Financial management

The coordinator shall be responsible for the distribution of pre-financing and further payments to the partners, as they are received from the EC, in accordance with the budget breakdown in the EC Contract. The European Team within the University of Glasgow’ Finance Office will handle all monetary transactions with the Commission and Partners. The coordinator/project manager will be responsible for obtaining, appropriate interim and final financial and scientific reports from each partner as well as any applicable audit certificates.

Management structure of AD-VEC. A simple but effective structure is proposed to ensure efficiency in management activity.

Recent publications on adenoviruses of the AD-VEC members

2017

 Adams MJ, Lefkowitz EJ, King AMQ, Harrach B, Harrison RL, Knowles NJ, Kropinski AM, Krupovic M, Kuhn JH, Mushegian AR, Nibert M, Sabanadzovic S, Sanfaçon H, Siddell SG, Simmonds P, Varsani A, Zerbini FM, Gorbalenya AE, Davison AJ (2017) Changes to taxonomy and the International Code of Virus Classification and Nomenclature ratified by the International Committee on Taxonomy of Viruses. Arch Virol (in press)

Salisch NC, Vujadinovic M, van der Helm E, Spek D, Vorthoren L, Serroyen J, Kuipers H, Schuitemaker H, Zahn R, Custers J, Vellinga J (2017) Antigen capsid-display on human adenovirus 35 via pIX fusion is a potent vaccine platform. PLoS One 12 (3) e0174728. doi: 10.1371/journal.pone.0174728 Free Article

Simmonds P, Adams MJ, Benkő M, Breitbart M, Brister JR, Carstens EB, Davison AJ, Delwart E, Gorbalenya AE, Harrach B, Hull R, King AMQ, Koonin EV, Krupovic M, Kuhn JH, Lefkowitz EJ, Nibert ML, Orton R, Roossinck MJ, Sabanadzovic S, Sullivan MB, Suttle CA, Tesh RB, van der Vlugt RA, Varsani A, Zerbini FM (2017) Virus taxonomy in the age of metagenomics. Nature Reviews Microbiology 15 (3) 161-168 Free Article

Storm RJ, Persson BD, Skalman LN, Frängsmyr L, Lindström M, Rankin G, Lundmark R, Domellöf FP, Arnberg N (2017). Human adenovirus type 37 uses αVβ1 and α3β1 integrins for infection of human corneal cells. J Virol 91 (5) pii: e02019-16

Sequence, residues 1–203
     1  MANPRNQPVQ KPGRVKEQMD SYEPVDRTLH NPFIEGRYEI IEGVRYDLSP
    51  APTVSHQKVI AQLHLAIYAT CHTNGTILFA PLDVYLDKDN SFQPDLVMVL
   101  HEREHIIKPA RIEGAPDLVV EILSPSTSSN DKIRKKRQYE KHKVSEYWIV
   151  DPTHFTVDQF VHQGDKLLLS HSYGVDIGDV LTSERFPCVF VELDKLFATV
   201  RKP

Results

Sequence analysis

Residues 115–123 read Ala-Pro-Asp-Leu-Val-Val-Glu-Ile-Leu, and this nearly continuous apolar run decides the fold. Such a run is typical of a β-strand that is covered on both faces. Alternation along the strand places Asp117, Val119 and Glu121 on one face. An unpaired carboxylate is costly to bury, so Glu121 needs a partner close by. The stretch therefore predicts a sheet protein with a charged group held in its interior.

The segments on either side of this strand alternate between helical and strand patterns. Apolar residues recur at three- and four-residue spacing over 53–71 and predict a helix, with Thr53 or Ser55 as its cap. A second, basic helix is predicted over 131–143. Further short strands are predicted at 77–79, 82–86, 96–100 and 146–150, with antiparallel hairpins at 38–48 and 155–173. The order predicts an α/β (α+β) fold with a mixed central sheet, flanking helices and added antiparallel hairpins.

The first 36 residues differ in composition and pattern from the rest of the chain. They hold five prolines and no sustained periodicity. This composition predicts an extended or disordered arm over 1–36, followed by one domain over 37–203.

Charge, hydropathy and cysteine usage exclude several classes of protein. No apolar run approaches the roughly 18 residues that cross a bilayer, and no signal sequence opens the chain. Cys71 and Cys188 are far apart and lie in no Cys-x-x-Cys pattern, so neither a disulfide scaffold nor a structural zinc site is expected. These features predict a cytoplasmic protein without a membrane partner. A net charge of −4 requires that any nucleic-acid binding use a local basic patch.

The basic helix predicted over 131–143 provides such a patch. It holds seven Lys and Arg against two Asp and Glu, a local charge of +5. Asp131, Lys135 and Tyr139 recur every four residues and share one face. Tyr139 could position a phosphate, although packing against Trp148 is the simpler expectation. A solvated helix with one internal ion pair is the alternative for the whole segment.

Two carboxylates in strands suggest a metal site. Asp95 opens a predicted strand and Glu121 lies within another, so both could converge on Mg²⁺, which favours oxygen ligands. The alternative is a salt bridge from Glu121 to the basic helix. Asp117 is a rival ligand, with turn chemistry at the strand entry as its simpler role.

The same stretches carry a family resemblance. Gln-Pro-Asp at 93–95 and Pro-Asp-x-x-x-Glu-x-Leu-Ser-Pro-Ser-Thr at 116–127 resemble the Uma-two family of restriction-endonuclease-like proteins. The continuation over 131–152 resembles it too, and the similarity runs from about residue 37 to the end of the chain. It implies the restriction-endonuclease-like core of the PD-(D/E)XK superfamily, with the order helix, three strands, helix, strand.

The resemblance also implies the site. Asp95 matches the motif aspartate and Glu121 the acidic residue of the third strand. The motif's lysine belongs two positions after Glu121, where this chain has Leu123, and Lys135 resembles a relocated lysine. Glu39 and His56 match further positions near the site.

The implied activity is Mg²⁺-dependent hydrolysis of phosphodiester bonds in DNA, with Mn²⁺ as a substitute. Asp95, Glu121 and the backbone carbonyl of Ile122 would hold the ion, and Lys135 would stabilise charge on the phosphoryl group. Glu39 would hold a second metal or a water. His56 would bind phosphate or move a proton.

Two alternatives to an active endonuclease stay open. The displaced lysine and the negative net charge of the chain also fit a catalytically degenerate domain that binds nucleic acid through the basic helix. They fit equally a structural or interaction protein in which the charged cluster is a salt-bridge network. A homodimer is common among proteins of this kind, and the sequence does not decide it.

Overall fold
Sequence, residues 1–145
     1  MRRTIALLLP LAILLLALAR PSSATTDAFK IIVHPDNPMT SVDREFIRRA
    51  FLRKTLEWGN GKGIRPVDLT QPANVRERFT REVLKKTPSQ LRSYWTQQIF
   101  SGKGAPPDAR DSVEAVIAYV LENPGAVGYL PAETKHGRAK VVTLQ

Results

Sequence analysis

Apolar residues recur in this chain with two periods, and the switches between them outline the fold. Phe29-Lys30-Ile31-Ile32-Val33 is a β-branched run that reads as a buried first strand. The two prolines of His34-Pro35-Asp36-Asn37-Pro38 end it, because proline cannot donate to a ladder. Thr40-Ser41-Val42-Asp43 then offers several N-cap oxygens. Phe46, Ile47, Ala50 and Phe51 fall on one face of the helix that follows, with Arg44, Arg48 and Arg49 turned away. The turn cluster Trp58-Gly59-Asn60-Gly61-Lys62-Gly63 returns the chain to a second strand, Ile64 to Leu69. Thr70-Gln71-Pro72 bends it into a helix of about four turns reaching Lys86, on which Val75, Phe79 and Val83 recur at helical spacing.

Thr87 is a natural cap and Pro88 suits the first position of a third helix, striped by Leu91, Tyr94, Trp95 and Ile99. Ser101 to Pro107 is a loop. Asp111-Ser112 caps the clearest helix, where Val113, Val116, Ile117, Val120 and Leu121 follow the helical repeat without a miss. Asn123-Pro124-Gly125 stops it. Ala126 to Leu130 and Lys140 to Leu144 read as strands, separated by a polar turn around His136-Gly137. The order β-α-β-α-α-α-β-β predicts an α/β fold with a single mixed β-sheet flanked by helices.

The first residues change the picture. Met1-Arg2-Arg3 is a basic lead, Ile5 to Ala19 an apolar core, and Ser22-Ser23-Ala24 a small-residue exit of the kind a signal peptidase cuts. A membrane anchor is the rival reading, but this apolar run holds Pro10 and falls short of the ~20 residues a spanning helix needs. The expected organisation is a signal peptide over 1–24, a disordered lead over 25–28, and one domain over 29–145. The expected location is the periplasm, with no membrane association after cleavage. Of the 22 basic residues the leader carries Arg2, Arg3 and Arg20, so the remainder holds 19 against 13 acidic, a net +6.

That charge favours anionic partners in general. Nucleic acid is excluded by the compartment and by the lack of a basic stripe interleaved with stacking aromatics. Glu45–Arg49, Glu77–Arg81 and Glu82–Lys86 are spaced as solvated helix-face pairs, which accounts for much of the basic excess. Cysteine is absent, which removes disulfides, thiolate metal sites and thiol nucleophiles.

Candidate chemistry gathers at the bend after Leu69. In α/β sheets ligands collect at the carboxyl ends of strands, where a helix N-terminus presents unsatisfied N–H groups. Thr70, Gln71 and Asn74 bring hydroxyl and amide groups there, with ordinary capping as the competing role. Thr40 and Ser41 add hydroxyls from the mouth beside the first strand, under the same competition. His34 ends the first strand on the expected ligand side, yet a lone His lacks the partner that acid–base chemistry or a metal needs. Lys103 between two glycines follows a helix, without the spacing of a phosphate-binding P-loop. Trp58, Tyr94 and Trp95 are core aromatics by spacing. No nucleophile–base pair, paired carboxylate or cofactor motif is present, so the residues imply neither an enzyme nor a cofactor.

2016

Adams MJ, Lefkowitz EJ, King AMQ, Gorbalenya AE, Harrach B, Harrison RL, Knowles NJ, Kropinski AM, Krupovic M, Kuhn JH, Mushegian AR, Nibert M, Sabanadzovic S, Sanfaçon H; Siddell SG, Simmonds P, Varsani A, Zerbini FM, Gorbalenya AE, Davison AJ (2016) Ratification vote on taxonomic proposals to the International Committee on Taxonomy of Viruses. Arch Virol 161 (10) 2921-2949 Free Article

 Alonso-Padilla J, Papp T, Kaján GL, Benkő M, Havenga M, Lemckert A, Harrach B, Baker AH (2016) Development of novel adenoviral vectors to overcome challenges observed with HAdV-5 based constructs. Mol Ther 24 (1) 6-16  Free Article

Ballmann MZ, Harrach B (2016) Detection and partial genetic characterization of novel avi- and siadenoviruses in racing and fancy pigeons (Columba livia domestica). Acta Vet. Hung. 64 (4) 514–528  Free Article

Duffy MR, Doszpoly A, Turner G, Nicklin SA, Baker AH (2016) The relevance of coagulation factor X protection of adenoviruses in human sera.  Gene Ther 23 (7) 592-596  Free Article

Gilson T, Blanchette P, Ballmann MZ, Papp T, Pénzes JJ, Benkő M, Harrach B, Branton PE (2016) Using the E4orf6-based E3 ubiquitin ligase as a tool to analyze the evolution of adenoviruses. J Virol 90 (16) 7350-7367

Marek A, Kaján GL, Kosiol C, Benkő M, Schachner S, Hess M (2016) Genetic diversity of species Fowl aviadenovirus D and Fowl aviadenovirus E. J Gen Virol 97 (9) 2323-2332

Nguyen TH, Ballmann MZ, Do HT, Truong HN, Benkő M, Harrach B, van Raaij MJ (2016) Crystal structure of raptor adenovirus 1 fibre head and role of the beta-hairpin in siadenovirus fibre head domains. Virol J 13, 106  Free Article

Podgorski II, Pantó L, Papp T, Harrach B, Benkő M (2016): Genome analysis of four Old World monkey adenoviruses supports the proposed species classification of primate adenoviruses and reveals signs of possible homologous recombination. J Gen Virol 97 (7) 1601-1614